Cabinet green lights bill to force feed prisoners
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Cabinet green lights bill to force feed prisoners

Public security minister hopes to head protesting inmates off at the pass before possible post-Ramadan mass hunger strike

Palestinians protest outside Jerusalem Magistrate's Court in support of hunger striker Samer Issawi, February 19, 2013. (photo credit: Yonatan Sindel/Flash90)
Palestinians protest outside Jerusalem Magistrate's Court in support of hunger striker Samer Issawi, February 19, 2013. (photo credit: Yonatan Sindel/Flash90)

The cabinet approved Sunday draft legislation that would enable Israeli prison authorities to force feed hunger-striking Palestinian prisoners.

The legislation was proposed by the last government and revived by new Public Security Minister Gilad Erdan last week. The draft passed its first reading in the preceding Knesset, but did not reach the required second and third readings to be passed into law.

The legislation comes as activists have warned that one hunger striking Palestinian prisoner is in critical condition and other security detainees have threatened to join him, bringing renewed attention to the issue.

“Terror has put on a new face the last several years in its attempts to boycott and delegitimize Israel,” Erdan said in a statement on Facebook.

Erdan said he would seek to push the bill through the Knesset as soon as possible. After being given the cabinet’s okay, it still must go through three Knesset readings.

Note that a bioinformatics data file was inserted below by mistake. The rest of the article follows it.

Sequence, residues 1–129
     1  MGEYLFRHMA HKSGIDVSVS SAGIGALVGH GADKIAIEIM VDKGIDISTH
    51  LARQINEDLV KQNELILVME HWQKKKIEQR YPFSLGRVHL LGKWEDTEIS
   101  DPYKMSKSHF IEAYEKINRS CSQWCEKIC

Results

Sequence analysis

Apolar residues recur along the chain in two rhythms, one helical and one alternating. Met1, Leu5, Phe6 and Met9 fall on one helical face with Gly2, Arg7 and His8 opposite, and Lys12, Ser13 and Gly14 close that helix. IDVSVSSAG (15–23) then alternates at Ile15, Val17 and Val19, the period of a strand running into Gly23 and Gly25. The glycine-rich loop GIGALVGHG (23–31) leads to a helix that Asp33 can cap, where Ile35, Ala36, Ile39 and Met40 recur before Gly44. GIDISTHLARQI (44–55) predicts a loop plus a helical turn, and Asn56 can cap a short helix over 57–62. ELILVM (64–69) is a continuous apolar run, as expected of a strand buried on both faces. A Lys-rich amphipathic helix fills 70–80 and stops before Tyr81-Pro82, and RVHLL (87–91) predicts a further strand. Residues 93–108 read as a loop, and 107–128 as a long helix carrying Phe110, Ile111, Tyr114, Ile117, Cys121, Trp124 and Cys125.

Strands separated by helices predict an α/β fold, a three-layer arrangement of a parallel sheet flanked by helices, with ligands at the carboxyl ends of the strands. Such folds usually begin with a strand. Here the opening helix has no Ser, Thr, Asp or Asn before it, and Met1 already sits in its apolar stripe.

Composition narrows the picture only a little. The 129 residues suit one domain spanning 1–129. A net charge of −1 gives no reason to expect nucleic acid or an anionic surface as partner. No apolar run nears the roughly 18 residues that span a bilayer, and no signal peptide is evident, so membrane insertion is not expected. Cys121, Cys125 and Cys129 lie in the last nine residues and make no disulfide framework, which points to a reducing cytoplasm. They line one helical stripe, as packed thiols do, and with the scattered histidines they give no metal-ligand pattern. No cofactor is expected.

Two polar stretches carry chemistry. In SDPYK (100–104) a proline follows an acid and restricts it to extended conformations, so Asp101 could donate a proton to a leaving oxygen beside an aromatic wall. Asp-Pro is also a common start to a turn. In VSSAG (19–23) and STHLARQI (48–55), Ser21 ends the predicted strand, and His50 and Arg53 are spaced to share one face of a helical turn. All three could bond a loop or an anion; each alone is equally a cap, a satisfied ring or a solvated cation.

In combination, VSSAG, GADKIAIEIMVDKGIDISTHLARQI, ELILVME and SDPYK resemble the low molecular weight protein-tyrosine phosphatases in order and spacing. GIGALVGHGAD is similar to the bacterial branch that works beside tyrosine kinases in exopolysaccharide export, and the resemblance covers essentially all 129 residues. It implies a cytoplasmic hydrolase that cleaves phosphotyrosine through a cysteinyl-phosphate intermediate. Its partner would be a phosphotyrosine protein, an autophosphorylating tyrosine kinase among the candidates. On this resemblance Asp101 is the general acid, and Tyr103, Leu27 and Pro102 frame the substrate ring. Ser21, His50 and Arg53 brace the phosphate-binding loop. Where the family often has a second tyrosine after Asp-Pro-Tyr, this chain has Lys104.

“Security prisoners are interested in turning hunger strikes into a new kind of suicide attack that would threaten the State of Israel. We cannot allow anyone to threaten us and we will not allow prisoners to die in our prisons,” Erdan said.

Hunger-striker Ayman Sharawneh shortly after his release from Israeli prison in March 2013 (screen capture: Youtube/RuptlyTV)
Hunger-striker Ayman Sharawneh shortly after his release from Israeli prison in March 2013 (screen capture: YouTube/RuptlyTV)

The Israel Prison Service has said that four prisoners are currently refusing to eat, and has warned of an extensive hunger strike after the month-long Ramadan holiday, which begins June 18.

Last week, the Palestinian government warned that hunger-striking prisoner Khader Adnan was “in danger of dying” after 36 days of protest.

“Israel is entirely responsible for the life of prisoners in administrative detention,” it said in a statement, referring to a procedure under which Israel can hold Palestinian prisoners indefinitely for renewable six-month periods.

Adnan was “in danger of dying,” it added.

The prisoner was hospitalized several days ago, and he is continuing his protest against the conditions of his imprisonment, according to the Palestinian Prisoners Club.

Two other prisoners are also staging a hunger strike — Mohammed Rashdan, who is protesting against being deprived of family visits, and Ayman al-Sharbati, an East Jerusalem resident placed in solitary confinement.

The Israel Prison Service said it does not have the resources to handle large numbers of hunger-striking prisoners.

In 2012 and 2013, a large hunger strike and Palestinian protests led Israel to release a number of prisoners from administrative detention.

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